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Resources

Below is a list of videos, podcasts and articles we found online that help us understand the opportunity and benefits of talking to strangers. If you have additional content that you think others would benefit from, please send it to us at info@GenWellProject.org, and we will endeavour to add it to this list.

Videos

Why You Should Talk to Strangers, with Gillian Sandstrom, PhD, and Jon Levy

Why Talking to Strangers Will Make You Happier With Nicholas Epley

Why you should talk to strangers | Kio Stark

Joe Keohane on the Benefits of Connecting with Strangers

Techniques for Talking to Strangers | The Atlantic

Talk To Strangers. It Will Change Your Life.

Podcasts

Why talking to strangers is good for your mental health

Not everyone enjoys making small talk with strangers, but research shows it can be good for your health. We talk to Gillian Sandstrom, a psychologist and senior lecturer in the psychology of kindness at the University of Sussex; and Pete Bombaci, founder of The GenWell Project in Toronto.

Why Talking to Strangers Will Make You Happier With Nicholas Epley

Joe Keohane on the Benefits of Connecting with Strangers

Techniques for Talking to Strangers | The Atlantic

Articles

Teaching Kids to Be Smart About Strangers

“Don’t talk to strangers” has been the rule for many parents for generations. But sometimes it’s a good idea for kids to talk to strangers. Who else will they turn to if they’re lost and need help?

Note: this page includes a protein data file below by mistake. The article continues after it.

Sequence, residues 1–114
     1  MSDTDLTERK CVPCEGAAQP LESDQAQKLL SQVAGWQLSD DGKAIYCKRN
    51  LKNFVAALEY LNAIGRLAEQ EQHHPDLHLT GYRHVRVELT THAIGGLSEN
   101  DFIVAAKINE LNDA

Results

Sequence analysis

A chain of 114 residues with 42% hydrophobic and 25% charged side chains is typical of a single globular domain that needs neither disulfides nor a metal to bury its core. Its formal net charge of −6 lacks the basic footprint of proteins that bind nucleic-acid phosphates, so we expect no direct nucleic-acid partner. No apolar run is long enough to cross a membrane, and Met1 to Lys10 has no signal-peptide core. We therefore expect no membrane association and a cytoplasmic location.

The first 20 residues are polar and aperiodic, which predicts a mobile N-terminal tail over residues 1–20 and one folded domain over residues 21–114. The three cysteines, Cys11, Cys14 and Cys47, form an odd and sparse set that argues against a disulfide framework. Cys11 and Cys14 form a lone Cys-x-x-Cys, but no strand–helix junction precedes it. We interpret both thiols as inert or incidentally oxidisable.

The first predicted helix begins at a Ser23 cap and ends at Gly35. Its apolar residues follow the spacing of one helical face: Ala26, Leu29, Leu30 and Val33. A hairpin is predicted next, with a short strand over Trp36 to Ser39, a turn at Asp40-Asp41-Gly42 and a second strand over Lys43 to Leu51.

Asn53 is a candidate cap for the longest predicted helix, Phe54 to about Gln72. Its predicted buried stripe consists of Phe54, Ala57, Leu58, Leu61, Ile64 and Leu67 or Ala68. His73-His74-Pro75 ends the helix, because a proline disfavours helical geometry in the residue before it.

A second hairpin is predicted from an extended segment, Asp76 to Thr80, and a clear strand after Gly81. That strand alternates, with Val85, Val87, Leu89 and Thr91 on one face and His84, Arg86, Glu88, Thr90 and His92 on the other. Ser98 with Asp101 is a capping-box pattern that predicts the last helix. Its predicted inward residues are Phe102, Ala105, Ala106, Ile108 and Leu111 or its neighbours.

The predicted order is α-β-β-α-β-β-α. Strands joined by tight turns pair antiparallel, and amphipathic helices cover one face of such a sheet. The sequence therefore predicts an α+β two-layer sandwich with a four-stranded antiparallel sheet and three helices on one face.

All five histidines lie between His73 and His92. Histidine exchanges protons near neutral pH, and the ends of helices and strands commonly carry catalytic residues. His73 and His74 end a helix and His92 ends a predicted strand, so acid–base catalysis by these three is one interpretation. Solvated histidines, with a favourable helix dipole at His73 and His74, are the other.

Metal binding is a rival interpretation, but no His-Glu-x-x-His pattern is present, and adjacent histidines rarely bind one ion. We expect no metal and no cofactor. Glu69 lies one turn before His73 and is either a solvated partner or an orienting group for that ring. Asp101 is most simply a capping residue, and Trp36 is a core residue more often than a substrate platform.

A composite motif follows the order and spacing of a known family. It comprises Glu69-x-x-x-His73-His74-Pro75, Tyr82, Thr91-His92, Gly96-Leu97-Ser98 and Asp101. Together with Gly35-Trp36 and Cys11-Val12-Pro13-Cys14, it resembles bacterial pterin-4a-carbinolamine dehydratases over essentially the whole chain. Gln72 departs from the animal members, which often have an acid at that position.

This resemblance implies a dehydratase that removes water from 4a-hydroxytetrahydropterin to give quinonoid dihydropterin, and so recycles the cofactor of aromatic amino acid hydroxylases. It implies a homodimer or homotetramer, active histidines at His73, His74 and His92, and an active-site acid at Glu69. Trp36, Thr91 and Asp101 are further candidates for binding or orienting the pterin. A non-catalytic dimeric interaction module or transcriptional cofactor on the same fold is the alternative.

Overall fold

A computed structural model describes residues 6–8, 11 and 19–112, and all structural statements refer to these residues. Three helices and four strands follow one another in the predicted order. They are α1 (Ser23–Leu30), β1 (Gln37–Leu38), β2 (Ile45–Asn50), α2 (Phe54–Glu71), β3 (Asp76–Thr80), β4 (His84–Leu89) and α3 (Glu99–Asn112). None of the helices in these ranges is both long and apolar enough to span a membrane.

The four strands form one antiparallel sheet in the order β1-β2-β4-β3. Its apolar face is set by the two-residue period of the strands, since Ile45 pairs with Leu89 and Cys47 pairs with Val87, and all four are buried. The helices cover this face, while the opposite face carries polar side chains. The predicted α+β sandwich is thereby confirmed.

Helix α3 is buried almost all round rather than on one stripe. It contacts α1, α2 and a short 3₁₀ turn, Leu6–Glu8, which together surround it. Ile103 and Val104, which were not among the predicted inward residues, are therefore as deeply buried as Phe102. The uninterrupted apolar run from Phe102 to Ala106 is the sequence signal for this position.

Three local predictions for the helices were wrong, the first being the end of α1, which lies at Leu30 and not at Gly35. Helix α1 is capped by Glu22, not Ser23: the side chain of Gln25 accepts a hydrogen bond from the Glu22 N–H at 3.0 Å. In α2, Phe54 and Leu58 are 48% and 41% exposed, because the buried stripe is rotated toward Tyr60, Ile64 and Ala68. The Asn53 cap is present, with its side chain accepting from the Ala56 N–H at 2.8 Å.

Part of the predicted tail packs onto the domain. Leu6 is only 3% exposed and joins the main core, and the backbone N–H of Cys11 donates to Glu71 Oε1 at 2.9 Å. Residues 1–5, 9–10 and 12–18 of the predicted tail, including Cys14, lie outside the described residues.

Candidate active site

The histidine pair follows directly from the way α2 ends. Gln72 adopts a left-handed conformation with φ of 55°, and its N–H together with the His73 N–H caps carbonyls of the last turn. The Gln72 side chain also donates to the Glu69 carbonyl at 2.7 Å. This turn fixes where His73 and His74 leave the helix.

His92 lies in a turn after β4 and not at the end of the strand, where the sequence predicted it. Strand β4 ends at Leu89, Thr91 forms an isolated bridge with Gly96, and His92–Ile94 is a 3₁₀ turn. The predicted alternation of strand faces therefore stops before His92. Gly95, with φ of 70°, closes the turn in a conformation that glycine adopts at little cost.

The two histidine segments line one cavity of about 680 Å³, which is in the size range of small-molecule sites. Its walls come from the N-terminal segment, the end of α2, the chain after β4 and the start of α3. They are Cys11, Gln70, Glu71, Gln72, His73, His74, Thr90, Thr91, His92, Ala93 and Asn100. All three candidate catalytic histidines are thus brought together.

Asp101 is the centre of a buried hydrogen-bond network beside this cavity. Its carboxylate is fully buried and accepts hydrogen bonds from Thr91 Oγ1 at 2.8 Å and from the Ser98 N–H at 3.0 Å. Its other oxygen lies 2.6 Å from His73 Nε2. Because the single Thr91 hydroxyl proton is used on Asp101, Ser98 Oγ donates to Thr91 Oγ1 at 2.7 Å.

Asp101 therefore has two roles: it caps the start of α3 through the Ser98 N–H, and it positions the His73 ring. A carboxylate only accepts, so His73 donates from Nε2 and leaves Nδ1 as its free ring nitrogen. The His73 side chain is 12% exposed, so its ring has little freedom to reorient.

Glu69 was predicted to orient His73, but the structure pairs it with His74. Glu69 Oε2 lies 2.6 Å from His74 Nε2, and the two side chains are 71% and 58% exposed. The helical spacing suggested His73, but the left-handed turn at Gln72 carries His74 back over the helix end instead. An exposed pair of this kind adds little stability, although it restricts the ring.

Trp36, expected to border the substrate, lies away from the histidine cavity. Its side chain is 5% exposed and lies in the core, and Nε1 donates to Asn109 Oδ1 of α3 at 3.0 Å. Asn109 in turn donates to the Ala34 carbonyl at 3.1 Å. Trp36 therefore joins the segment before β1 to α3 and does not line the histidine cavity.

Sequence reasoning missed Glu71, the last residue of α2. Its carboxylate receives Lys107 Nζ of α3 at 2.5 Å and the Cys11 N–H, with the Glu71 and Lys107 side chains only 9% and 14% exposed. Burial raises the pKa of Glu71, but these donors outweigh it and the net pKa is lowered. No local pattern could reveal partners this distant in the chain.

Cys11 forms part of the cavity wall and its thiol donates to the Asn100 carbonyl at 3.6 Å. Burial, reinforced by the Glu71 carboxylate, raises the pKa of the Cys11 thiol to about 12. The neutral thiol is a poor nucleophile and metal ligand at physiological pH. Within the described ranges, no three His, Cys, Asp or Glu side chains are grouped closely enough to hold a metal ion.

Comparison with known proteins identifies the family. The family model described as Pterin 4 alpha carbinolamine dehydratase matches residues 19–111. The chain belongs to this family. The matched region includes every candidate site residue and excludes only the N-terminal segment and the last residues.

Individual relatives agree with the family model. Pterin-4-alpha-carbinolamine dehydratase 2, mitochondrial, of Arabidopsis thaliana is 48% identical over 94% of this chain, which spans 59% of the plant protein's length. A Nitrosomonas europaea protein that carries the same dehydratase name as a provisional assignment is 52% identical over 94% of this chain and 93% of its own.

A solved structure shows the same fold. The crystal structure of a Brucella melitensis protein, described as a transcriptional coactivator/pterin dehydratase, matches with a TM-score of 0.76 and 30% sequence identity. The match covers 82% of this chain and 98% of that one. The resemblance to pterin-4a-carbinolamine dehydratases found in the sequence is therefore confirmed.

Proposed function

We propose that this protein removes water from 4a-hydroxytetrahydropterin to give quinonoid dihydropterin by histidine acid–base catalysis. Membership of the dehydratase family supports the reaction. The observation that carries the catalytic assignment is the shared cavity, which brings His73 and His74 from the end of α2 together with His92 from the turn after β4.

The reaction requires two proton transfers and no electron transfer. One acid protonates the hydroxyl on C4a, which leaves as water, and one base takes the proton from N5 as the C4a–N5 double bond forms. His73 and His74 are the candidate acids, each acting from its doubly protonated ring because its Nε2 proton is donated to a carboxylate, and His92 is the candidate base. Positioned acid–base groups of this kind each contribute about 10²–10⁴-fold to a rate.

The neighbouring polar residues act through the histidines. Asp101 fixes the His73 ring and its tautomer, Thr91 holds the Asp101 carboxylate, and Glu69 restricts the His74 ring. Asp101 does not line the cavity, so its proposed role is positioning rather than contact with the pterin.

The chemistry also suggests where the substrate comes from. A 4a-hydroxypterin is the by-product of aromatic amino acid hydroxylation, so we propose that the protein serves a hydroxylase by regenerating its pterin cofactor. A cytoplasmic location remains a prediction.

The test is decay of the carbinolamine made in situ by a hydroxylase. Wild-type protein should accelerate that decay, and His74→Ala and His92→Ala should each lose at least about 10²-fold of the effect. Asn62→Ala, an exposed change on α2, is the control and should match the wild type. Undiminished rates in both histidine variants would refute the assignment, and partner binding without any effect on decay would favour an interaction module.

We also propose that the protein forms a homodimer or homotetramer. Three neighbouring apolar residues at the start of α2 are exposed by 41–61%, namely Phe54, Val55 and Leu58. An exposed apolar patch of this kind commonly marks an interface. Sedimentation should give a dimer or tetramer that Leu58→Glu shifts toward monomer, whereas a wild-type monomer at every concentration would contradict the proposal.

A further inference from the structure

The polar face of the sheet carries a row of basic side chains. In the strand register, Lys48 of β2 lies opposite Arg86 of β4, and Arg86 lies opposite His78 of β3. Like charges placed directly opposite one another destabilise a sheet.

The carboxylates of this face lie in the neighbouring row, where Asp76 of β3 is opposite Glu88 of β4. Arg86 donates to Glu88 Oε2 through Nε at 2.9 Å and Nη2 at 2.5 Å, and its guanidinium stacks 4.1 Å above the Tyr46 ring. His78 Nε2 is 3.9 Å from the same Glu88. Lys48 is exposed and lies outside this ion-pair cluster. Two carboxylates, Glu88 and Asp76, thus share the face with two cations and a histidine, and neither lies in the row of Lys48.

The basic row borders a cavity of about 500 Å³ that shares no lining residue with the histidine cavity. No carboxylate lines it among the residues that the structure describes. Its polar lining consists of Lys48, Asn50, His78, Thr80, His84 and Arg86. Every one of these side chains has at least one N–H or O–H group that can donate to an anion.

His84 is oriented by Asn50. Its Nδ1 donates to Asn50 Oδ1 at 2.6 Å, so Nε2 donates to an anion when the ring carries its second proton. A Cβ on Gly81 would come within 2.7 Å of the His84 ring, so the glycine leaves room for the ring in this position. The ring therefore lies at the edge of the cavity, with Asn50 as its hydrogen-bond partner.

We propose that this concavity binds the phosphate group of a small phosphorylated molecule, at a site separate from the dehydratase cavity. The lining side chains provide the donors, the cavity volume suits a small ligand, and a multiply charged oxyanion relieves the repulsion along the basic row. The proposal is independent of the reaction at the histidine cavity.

So, instead of making a rule, it’s better to teach kids when it’s OK to talk to strangers and when it’s not. When your kids are out with you, it’s fine to let them say hello and talk to new people. You are watching the situation and will protect them.

The Surprising Benefits of Talking to Strangers

So many of us have been raised to see strangers as dangerous and scary. What would happen if we instead saw them as potential sources of comfort and belonging?

Talking with strangers is surprisingly informative

Conversation can be a useful source of learning about practically any topic. Information exchanged through conversation is central to culture and society, as talking with others communicates norms, creates shared understanding, conveys morality, shares knowledge, provides different perspectives, and more. Yet we find that people systematically undervalue what they might learn in conversation, anticipating that they will learn less than they actually do.

Why talking to strangers can make us smarter

In a suspicious world, many of us are reluctant to interact with strangers. But talking to people we’ve never met before, even in passing interactions, can make us wiser and happier.

Nervous about talking to strangers? It’s not as hard as you think, and you’re probably already better at it than you know!

To mark Loneliness Awareness Week, Sussex Psychologist Gillian Sandstrom shares her research findings on the importance of connecting with strangers for our happiness and well-being.

To come up with creative ideas, try talking to a stranger

When psychology lecturer Gillian Sandstrom began her master’s degree at Ryerson University, she’d walk from the research lab to her supervisor’s office in downtown Toronto. Gillian usually passed the same hot dog stand along the way. Day after day, she’d walk by the stand. And eventually, without meaning to, she struck up a relationship with the woman who worked there.